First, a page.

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June 27, 2016 / 21 Sivan, 5776

Posts Tagged ‘bank’

Cyber Attacks UPDATE: Israeli Banks Block Int’l Access to Websites

Tuesday, January 17th, 2012

In efforts to limit exposure and minimize vulnerability to the recent wave of anti-Israel cyber attacks, Israel Discount Bank and First International Bank of Israel have blocked international access to their websites.

This move is likely to cause hardship for Israelis living abroad as they will not have web-access to their accounts.

Jewish Press Staff

Angry Israeli Investors, Consumers Gearing Up For New Protests

Wednesday, January 4th, 2012

JERUSALEM – Expect to see new rounds of protests by Israeli investors and consumers against financially strapped business leaders and supermarket chains and food conglomerates that have raised prices drastically on basic foodstuffs over the past few months.

The frustration among local investors and consumers comes against the backdrop of a slowing Israeli economy, which is feeling the effects of the economic turmoil within the European Union. According to financial sources, the Israeli economy, which grew by nearly 5 percent last year, will grow at a rate of less 3 percent in 2012.

Israeli economists have speculated that the resignation of Bank Leumi CEO Galia Maor, who announced on Monday that she was stepping down after 17 years at Israel’s second largest bank, was a telltale sign that the Jewish state’s economy was entering a period of uncertainty.

In just the past few weeks, leading Israeli financial publications reported that local and foreign business owners in the EU owe tens of billions of dollars to Israeli banks including Bank Hapoalim and Bank Leumi. Bank of Israel Chairman Stanley Fischer has assured the Israeli public that local banks were fiscally sound despite the outstanding debts.

But Israelis are growing increasingly impatient and angry with moguls such as Yitzhak Tshuva (Delek Corporation), Ilan Ben-Dov (Tao Tsuot Ltd./Partner Communicatons) and Yossi Maimon (Ampal Corporation), who’ve lost billions of shekels through bad investments and have asked public and private corporate bondholders to forgive large portions of their debts.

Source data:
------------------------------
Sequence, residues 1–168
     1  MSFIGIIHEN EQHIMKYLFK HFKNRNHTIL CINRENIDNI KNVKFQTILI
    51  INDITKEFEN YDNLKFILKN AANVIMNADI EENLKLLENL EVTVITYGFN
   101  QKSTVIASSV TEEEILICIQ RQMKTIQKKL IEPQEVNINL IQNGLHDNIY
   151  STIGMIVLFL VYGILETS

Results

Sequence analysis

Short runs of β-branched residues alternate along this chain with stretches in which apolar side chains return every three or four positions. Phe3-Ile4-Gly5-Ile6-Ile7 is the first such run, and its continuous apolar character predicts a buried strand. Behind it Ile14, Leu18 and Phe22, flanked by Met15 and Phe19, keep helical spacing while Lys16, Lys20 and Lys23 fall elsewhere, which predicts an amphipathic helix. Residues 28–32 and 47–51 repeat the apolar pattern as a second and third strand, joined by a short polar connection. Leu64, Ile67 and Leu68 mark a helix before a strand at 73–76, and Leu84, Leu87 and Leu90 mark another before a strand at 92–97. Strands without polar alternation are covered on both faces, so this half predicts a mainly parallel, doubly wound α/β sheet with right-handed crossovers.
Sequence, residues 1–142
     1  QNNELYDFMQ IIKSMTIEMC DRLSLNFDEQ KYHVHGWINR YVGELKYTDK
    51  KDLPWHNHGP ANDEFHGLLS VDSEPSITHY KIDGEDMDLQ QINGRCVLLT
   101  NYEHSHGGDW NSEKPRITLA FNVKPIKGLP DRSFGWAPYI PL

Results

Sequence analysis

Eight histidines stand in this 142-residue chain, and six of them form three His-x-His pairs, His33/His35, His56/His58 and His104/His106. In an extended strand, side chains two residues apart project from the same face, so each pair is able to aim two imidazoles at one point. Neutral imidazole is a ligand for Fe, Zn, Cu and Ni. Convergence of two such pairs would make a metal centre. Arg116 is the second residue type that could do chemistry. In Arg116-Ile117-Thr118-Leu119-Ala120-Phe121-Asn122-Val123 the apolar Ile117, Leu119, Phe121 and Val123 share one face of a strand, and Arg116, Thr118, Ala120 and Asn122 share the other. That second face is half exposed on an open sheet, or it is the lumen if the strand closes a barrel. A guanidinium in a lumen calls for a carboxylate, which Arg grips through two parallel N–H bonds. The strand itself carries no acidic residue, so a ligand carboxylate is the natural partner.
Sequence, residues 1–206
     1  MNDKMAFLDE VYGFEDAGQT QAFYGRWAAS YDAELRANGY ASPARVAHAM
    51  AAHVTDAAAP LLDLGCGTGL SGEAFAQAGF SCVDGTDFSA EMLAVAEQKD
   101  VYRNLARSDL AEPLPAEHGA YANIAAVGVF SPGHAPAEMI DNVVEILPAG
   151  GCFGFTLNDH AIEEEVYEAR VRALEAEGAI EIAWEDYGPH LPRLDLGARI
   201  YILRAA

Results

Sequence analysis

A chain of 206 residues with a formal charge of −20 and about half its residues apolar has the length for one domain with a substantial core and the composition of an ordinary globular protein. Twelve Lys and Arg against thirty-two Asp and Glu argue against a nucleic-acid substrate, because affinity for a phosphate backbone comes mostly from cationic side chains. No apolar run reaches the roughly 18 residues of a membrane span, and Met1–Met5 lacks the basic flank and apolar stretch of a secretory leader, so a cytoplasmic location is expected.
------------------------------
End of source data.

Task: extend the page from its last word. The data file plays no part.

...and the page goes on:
An increasing number of Israelis who’ve invested in corporate bonds and stocks have threatened legal action against the tycoons unless they invest large sums of their personal money to cover their debts and agree to cease using corporate monies to provide stratospheric salaries and other perks to business associates and family members.

Meanwhile, prices on basic foodstuffs such as mayonnaise, tea, ketchup, tuna fish and soup mixes at major supermarkets such as Shufersal, Mega and Rami Levi have risen between 60 and 150 percent since the end of the Rosh Hashanah/Sukkot holiday season in October.

Bnei Brak social activist Yitzchak Alrov, who last summer spurred a nationwide protest against skyrocketing cottage cheese products via a simple Facebook campaign, is working with student leaders and other social justice activists to orchestrate another boycott unless the supermarkets and food conglomerates substantially cut their prices.

Steve K. Walz

Will Anyone Admit Wrongdoing?

Thursday, December 22nd, 2011

“We anticipate a direct conflict with Egypt in the near future,” explained Binyamin Ben-Eliezer, one of the great patrons of the peace accords with Egypt, recently.

Israel’s direct conflict with Egypt has never ended. But for the last three decades it had assumed a more subtle form that tied Israel’s hands. The peace accords with Egypt were nothing more than a miserable illusion that robbed us of the Sinai and its settlements. They forced Israel into recognition of the Palestinian “nation” and its right to our land, to the Madrid Conference, and finally to Oslo – the loss of Gush Katif, and Israel’s right to exist as a Jewish state. Throughout this process, thousands of Israelis paid the price of mushrooming terror and Israel lost its oil fields and major financial resources. Now, when the direct conflict begins, it will happen just outside of Beersheba and not on the banks of the Suez Canal, as was the case in the 1973 Yom Kippur War.